Four people are dead in two separate accidents in Central Ohio. In Pataskala, investigators say a head-on collision on East Broad took three lives. One vehicle crossed the center line. Early this morning, the driver of a pick-up truck was killed when he slammed into a tree in a residential area south of Route 104 [...]
Local campaigns fight for limited TV ad space.
If you’ve any television lately, you’ve seen them – an endless stream of political ads. President Bush, John Kerry and other groups are buying up ad time by the truck load. But all the presidential ads are threatening to squeeze out local campaigns.
It’s expected The national campaigns will spend up to 8 million dollars on local television ads this campaign season. All those Kerry and Bush ads mean ads for local candidates and issues can get squeezed aside.
Further complicating the booking process is federal law which say candidates for federal office – like president – get preference and can bump local campaign spots to different , less attractive time slots or in some cases off the air.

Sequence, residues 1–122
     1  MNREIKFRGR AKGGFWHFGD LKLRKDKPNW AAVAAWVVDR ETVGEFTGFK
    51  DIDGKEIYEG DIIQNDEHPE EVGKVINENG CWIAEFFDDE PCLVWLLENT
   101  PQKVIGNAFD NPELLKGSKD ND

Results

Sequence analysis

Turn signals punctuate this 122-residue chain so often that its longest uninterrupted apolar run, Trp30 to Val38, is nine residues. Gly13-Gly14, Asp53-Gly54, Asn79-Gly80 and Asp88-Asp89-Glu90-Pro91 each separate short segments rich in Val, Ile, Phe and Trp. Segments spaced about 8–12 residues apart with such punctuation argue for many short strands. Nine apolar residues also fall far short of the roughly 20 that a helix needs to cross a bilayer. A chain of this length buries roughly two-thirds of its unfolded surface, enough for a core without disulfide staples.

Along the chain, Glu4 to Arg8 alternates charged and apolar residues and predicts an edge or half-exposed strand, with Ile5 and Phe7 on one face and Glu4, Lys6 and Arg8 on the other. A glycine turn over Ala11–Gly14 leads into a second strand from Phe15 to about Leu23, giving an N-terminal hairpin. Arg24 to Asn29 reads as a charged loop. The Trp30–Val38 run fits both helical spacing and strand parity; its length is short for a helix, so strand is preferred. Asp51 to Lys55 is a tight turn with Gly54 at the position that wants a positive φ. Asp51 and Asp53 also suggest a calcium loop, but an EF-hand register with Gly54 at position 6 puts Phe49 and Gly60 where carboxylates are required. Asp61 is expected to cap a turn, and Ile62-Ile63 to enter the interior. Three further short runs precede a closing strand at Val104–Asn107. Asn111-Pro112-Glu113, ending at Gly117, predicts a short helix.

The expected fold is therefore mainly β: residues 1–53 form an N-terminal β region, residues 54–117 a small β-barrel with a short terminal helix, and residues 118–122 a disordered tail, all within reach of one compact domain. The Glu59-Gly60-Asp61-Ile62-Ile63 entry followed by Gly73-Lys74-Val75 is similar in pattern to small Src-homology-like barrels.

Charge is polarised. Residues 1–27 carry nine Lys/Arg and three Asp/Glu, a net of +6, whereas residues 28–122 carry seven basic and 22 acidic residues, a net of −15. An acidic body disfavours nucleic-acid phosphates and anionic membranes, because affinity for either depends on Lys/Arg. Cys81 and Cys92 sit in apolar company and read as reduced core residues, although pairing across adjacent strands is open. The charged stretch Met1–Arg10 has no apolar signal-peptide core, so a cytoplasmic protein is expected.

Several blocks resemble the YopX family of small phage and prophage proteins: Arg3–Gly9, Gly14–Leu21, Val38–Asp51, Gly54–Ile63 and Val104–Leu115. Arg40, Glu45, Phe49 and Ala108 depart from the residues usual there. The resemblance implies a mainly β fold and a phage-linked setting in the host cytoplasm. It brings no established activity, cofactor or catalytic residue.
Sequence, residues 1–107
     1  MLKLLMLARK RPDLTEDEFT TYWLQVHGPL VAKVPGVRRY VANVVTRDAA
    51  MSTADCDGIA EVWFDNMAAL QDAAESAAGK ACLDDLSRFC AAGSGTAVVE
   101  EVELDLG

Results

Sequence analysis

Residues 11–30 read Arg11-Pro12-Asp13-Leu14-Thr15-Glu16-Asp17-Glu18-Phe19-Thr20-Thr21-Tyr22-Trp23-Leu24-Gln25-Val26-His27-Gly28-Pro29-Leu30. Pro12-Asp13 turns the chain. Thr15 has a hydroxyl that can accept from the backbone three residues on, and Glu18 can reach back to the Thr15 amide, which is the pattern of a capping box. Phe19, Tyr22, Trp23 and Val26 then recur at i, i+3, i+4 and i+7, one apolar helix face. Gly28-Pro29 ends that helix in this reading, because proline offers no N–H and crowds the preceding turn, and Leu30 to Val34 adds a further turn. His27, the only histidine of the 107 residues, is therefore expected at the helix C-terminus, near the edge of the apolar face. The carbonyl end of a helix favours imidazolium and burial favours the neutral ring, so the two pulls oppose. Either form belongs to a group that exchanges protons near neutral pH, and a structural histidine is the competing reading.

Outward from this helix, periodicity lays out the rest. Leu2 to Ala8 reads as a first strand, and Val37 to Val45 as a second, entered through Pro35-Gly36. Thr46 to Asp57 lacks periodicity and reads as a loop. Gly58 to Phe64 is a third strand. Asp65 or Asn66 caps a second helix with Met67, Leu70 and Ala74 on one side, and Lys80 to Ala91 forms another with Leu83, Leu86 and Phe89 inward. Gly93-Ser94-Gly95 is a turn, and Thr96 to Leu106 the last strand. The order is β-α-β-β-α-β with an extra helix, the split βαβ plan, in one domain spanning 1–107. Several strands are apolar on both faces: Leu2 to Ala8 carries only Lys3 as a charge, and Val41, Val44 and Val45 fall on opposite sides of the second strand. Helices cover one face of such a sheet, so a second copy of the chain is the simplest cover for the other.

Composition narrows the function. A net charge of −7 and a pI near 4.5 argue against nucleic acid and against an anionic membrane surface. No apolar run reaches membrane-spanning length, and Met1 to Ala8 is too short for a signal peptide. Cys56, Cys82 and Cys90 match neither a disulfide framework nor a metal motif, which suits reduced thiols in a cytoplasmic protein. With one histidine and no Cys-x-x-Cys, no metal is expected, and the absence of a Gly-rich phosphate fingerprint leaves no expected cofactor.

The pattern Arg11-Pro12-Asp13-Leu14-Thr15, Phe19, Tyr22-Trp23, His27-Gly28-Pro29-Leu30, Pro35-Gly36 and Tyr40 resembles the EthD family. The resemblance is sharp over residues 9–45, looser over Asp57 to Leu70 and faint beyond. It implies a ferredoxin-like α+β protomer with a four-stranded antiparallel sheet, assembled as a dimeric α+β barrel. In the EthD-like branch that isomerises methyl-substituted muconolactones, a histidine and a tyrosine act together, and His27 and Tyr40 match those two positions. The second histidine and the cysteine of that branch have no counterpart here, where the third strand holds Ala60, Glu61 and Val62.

Chuck Devendra, sales director for WBNS says Channel 10 has not refused any local campaign’s request for ad-space but they have had to refuse some campaigns their first choice of day parts.
WCMH- Channel 4 is in a similar situation, getting swamped with national campaign spots. Channel 4′s Vice President for sales Mike Cash says there is space for local ads, but prime time slots are filling up.
Still there is only so much ad space, and local campaigns are concerned, forcing them to consider other formats – cable television, commercial radio and print.
The key to getting on the air was planning and paying a premium. Midwest Communications buys air time for local republican candidates. The company’s bob Clegg says they urged their candidates to reserve ad time slots back in July – two months earlier than they normally would
To guarantee the spots are not moved to less desirable day-parts, the local campaigns also had to pay more.
The other fear of course, is voter and viewer fatigue. The campaigns fear voters will grow tired of political spots and tune them out, but that will not keep the ads off the air.